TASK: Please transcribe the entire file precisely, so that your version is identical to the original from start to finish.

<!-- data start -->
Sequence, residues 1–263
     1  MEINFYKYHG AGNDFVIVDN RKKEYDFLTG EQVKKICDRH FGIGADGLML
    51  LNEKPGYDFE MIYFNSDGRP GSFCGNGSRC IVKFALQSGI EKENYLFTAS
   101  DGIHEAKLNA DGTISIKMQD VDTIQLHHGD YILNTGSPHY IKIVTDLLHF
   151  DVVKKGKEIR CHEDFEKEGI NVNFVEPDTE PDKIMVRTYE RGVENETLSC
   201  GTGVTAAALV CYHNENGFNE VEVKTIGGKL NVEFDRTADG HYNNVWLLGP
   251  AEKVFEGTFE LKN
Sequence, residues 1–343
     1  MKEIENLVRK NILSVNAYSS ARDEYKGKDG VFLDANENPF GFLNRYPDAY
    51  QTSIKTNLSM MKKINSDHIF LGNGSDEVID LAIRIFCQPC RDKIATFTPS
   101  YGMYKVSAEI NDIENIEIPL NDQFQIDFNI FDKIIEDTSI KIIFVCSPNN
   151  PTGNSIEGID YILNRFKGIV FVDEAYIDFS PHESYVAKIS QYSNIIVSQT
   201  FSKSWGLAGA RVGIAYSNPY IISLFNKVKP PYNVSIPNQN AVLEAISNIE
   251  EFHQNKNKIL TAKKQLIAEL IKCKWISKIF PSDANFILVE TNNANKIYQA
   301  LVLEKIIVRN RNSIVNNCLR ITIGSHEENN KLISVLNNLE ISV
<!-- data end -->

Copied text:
Sequence, residues 1–263
     1  MEINFYKYHG AGNDFVIVDN RKKEYDFLTG EQVKKICDRH FGIGADGLML
    51  LNEKPGYDFE MIYFNSDGRP GSFCGNGSRC IVKFALQSGI EKENYLFTAS
   101  DGIHEAKLNA DGTISIKMQD VDTIQLHHGD YILNTGSPHY IKIVTDLLHF
   151  DVVKKGKEIR CHEDFEKEGI NVNFVEPDTE PDKIMVRTYE RGVENETLSC
   201  GTGVTAAALV CYHNENGFNE VEVKTIGGKL NVEFDRTADG HYNNVWLLGP
   251  AEKVFEGTFE LKN
Sequence, residues 1–343
     1  MKEIENLVRK NILSVNAYSS ARDEYKGKDG VFLDANENPF GFLNRYPDAY
    51  QTSIKTNLSM MKKINSDHIF LGNGSDEVID LAIRIFCQPC RDKIATFTPS
   101  YGMYKVSAEI NDIENIEIPL NDQFQIDFNI FDKIIEDTSI KIIFVCSPNN
   151  PTGNSIEGID YILNRFKGIV FVDEAYIDFS PHESYVAKIS QYSNIIVSQT
   201  FSKSWGLAGA RVGIAYSNPY IISLFNKVKP PYNVSIPNQN AVLEAISNIE
   251  EFHQNKNKIL TAKKQLIAEL IKCKWISKIF PSDANFILVE TNNANKIYQA
   301  LVLEKIIVRN RNSIVNNCLR ITIGSHEENN KLISVLNNLE ISV